The Perseverance of the Capilano Blues Women’s Volleyball Team

An update on the team and their future plans

Mayumi Izumi // Contributor

This year marks the fourth season in a row that the Capilano Blues women’s volleyball team has won a bronze medal at Pacific Western Athletic Association (PACWEST). Meghan Koven, a fifth-year CapU student and seasoned player, described the team’s success with one word—“standards.”

The Capilano Blues have had many challenges to overcome, but the athletes have persevered through changes in team lineups, injuries and the implementation of a new coach. In June, Rob Gowe transferred from Simon Fraser University to become the head coach of the Blues.

“I think practices are going well, but we still have room for improvement in many aspects, including myself,” Coach Gowe said. “The transition from assistant coach to head coach is a challenge in the amount of time required to be as prepared as possible, which I am getting better at, but still have to improve.”

Gowe is also the Head Coach & Program Lead for Volleyball Regional Excellence program in North Vancouver, Head Coach for Team BC selects as well as Head Coach for Seaside Volleyball Club. He said that he is able to manage all the different teams because, “I have good coaches helping me at every level.”

The women’s volleyball team has an unusually high number of players this year. While most teams have 14 to 16, Capilano Blues have 21 strong athletes in their roster to choose from. The team ranges from 17- to 22-year-olds but despite the differences in age and the necessity of competition, the players have formed a strong bond quickly.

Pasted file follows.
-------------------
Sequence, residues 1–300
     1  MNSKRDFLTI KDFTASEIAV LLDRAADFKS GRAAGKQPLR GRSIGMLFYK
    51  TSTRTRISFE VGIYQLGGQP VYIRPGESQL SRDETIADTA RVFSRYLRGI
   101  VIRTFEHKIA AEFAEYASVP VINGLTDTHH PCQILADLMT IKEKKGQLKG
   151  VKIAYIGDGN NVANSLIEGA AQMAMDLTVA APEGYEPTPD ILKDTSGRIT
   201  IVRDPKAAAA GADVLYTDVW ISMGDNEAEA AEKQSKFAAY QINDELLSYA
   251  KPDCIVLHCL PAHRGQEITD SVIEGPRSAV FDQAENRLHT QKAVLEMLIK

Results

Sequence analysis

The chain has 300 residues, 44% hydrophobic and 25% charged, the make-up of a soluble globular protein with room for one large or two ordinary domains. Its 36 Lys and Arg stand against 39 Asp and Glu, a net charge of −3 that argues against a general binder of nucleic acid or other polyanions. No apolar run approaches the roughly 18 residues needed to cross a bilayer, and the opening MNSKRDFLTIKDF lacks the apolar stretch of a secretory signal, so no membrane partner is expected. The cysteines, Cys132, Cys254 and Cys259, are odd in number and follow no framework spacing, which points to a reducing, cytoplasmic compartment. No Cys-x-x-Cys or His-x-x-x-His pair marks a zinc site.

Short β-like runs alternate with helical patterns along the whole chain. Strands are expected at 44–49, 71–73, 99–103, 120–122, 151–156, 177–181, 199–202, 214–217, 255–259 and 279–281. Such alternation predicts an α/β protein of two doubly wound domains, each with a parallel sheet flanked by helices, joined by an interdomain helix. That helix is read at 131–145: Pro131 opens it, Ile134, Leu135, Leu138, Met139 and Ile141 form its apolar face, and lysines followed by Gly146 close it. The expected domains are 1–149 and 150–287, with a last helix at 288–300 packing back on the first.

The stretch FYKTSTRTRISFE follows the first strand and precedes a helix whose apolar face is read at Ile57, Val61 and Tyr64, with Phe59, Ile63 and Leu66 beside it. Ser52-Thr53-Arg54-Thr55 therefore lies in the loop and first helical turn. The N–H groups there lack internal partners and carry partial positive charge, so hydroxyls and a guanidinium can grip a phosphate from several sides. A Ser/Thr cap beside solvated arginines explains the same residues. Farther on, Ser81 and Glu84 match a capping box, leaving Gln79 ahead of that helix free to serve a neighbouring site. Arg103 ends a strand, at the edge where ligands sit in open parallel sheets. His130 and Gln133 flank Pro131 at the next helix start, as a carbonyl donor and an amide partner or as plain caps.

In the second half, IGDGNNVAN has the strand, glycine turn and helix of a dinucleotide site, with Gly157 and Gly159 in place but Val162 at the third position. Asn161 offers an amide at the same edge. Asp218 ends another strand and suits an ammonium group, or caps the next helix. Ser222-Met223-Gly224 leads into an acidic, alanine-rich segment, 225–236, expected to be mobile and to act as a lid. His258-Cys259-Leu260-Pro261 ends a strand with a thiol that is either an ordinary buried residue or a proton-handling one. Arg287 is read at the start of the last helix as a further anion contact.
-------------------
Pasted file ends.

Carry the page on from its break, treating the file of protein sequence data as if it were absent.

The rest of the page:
Kelsey Towers, a second-year player majoring in Human Kinetics explained one of the challenges of having a lot of players is that there is a “deeper bench.” This leads them to be respectfully competitive with each other because they have to compete for a spot on the court but off the court they are friends. One of the athletes new to the team is Rookie Eva Nagata, who was invited by Capilano University to play for the Blues from her hometown on the Faroe Islands, which is located halfway between Iceland and Norway. She accepted the invite because it provided an opportunity to play for a university team and believes that the day-to-day routine of practicing and the building of community has been a positive experience.

The Blues played their first two games of the season against the Douglas College Royals, October 11 and 12 in which the team lost the first game and won the second. Their next two games were on October 25 and 26 against the Vancouver Island Mariners.

As a team, the Capilano Blues have encountered challenges but support has emerged from the athletic department at CapU and the athletes have worked together to overcome the inevitable difficulties that arise. Through this, they have grown as a team.

This year, their goal is to win first place at Nationals in Quebec, although they would also be pleased with second place as they have previously come third. Until then, the team continues to train, improve and deal with the daily demands of being student athletes.

For more information on the Capilano University Blues teams visit

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